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of an infusion of tobacco-leaves, and, in my laboratory, it has repeatedly been extracted from a cigar.

$ 129. If the presence of opium has to be established, the operations may be so conducted that the resulting solution contains a salt of meconic acid; the latter is then easily detected by its reaction with sesquichloride of iron. The substances are treated with dilute alcohol and a few drops of hydrochloric acid; the extract is concentrated by evaporation; the residue dissolved in water; the aqueous liquid separated by filtration from insoluble matters; the filtrate mixed with magnesia usta in excess, and heated to ebullition; then filtered. The resulting liquid contains meconate of magnesia. It is acidulated with hydrochloric acid, and mixed with a few drops of sesquichloride of iron. In presence of meconic acid, the liquid assumes a dark, brownish-red color. Since opium is the only substance in which meconic acid occurs, to have proved the presence of this acid is to have proved the presence of opium.

[Though the detection of meconic acid is undoubtedly a conclusive proof for the presence of opium, still Stas' method, by which the morphine is obtained, deserves, in my opinion, the preference, and for this simple reason, that some kinds of opium, according to Robiquet, do not contain the slightest trace of meconic acid. It might, therefore, happen that, notwithstanding large quantities of opium have been administered, the analyst might fail to detect its presence.

In regard to the blood-red color which meconic acid produces in solutions of the sesquisalts of iron, it must be remembered that sulphocyanides and acetates give a very similar reaction. In the case of an acetate, the color is destroyed on addition of dilute acids, and, on boiling, a brownish-red precipitate is thrown down. In the case of meconic acid, or a sulphocyanide, the color does not disappear on addition of dilute acids, not even on boiling. Terchloride of gold destroys the color produced by a sulphocyanide, but not that produced by meconic acid.--(Vogel.)

To obtain additional proof as to the nature of the acid, the filtrate containing the meconate of magnesia may be precipitated with nitrate of silver. White meconate of silver is thrown down, which is collected on a filter, and washed with water. During this operation, it is frequently converted into white lustrous crystalline scales. It dissolves completely in moderately strong nitric acid; on applying heat to the solution, violent effervescence takes place, cyanide of silver is precipitated, and the liquid contains oxalate of silver.]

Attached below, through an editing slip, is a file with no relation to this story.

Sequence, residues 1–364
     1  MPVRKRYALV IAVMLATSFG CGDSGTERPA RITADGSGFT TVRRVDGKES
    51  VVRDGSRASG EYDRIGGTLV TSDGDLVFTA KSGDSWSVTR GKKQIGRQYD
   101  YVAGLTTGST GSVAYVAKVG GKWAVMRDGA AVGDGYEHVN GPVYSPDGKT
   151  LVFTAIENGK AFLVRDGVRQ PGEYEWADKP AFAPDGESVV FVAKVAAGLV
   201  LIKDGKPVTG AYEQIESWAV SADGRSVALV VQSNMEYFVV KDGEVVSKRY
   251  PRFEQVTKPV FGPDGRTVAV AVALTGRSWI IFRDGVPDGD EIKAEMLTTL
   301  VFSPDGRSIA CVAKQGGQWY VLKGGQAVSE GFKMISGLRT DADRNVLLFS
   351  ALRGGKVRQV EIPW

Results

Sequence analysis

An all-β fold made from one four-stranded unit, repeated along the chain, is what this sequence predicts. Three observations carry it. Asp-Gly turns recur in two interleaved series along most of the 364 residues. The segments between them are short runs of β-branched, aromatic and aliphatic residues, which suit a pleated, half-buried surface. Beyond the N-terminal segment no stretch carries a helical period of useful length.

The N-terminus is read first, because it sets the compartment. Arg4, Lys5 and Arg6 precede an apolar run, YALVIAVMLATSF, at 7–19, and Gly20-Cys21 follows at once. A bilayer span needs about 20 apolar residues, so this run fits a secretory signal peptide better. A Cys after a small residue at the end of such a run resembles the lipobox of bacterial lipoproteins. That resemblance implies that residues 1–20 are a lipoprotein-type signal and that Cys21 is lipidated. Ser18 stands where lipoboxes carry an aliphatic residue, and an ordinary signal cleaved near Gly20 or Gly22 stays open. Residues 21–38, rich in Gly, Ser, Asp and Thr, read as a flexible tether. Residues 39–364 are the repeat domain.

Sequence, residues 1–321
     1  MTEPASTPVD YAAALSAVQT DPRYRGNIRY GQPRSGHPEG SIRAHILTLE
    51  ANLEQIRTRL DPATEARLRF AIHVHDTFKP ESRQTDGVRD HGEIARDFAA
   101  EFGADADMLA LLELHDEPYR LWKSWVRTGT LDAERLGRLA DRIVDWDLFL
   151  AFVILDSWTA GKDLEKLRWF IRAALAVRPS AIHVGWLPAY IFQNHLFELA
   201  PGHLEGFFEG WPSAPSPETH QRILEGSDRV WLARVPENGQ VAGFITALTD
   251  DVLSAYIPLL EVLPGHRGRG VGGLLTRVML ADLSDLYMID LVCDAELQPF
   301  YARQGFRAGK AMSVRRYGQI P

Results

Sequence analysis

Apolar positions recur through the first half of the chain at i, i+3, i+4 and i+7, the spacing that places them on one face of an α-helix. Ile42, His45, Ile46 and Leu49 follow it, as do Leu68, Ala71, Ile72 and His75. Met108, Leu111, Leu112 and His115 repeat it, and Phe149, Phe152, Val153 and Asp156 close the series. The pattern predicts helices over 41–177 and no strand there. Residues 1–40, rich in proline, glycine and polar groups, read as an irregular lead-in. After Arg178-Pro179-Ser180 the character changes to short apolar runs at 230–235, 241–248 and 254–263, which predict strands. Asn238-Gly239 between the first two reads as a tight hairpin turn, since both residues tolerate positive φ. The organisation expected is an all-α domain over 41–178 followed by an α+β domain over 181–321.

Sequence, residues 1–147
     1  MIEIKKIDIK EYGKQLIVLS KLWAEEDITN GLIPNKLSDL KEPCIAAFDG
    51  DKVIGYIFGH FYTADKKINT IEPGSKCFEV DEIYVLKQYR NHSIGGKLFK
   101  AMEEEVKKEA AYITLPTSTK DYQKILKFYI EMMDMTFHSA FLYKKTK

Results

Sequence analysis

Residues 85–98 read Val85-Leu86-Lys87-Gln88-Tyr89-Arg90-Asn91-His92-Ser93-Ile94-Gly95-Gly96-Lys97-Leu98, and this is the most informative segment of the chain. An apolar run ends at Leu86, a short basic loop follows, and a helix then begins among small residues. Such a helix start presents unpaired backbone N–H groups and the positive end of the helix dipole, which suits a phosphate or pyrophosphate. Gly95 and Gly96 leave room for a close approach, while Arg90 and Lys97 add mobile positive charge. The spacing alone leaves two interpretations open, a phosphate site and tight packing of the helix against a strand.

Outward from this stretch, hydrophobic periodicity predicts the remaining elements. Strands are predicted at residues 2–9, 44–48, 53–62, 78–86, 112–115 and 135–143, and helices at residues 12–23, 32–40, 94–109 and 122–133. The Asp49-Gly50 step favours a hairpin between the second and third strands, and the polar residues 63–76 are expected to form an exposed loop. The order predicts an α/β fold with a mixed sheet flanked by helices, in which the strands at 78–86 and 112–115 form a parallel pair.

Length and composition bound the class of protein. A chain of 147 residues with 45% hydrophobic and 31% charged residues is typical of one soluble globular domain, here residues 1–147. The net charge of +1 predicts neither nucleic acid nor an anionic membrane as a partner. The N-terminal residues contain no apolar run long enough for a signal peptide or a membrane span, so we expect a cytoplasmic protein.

[blocks in formation]

$ 130. It has been repeatedly remarked in the preceding pages that, before proceeding with a chemico-legal investigation, circumstantial evidence has usually thrown some light on the matter, and pointed out the nature of the poison. It may, however, happen that no such indications have been previously gathered, and the question arises: “How shall we operate under these circumstances ?" From what has been said in regard to the detection of the individual poisons, or groups of poisons, a general method may be deduced, which leads to the detection of any poison, and which does not even require a division of the material under examination.

The substances under examination, if not possessing an acid reaction, are slightly acidulated, and placed in a retort provided with a receiver. A few pieces of sulphur are added, and the retort heated over a water-bath until a few grammes have passed over. The distillate is tested for hydrocyanic acid (8 75). If no hydrocyanic acid is found, the heat may be slightly increased in order to cause the phosphorus, which might be present, to combine with the sulphur, and to produce the characteristic light. Both the distillate and the pieces of sulphur are afterwards examined for phosphorus (v. $ 96). If no phosphorus is found, the contents of the retort are examined for the presence of alkaloids, after the method of Stas (v. § 116, etc.) As in this process no poisonous substances of


kind are introduced into the mass, it may finally be examined for mineral poisons, if no alkaloid should have been detected. For this purpose, all the different residues, extracts, and liquids, are united; ether and alcohol are removed by evaporation, and the remaining mass treated as described $ 59, etc.




$ 131. It is sometimes of great importance to identify spots of blood on clothes, on the soil, furniture, or on the instrument with which death has been inflicted. Though the identification is very easy in some cases, in others again, it is attended with considerable difficulties, and a satisfactory result only to be arrived at with the greatest care and circumspection. This will be readily conceived if we recall to our minds the great variety of circumstances under which an examination of this kind may be asked for. The stains may be on white or colored clothes; they may be on cotton or linen fabrics, on fibres free from nitrogen, or they may occur on silk or wool, on fibres containing nitrogen; they may be recent, or they may be old; they may be unaltered, or they may have been partially removed by washing with water; the soiled instrument may be of iron or steel, or any other metal, it may have been bright or rusty, etc., and all these different circumstances will, of necessity, influence to some degree the modus operandi.

We shall confine our remarks to the chemical ex

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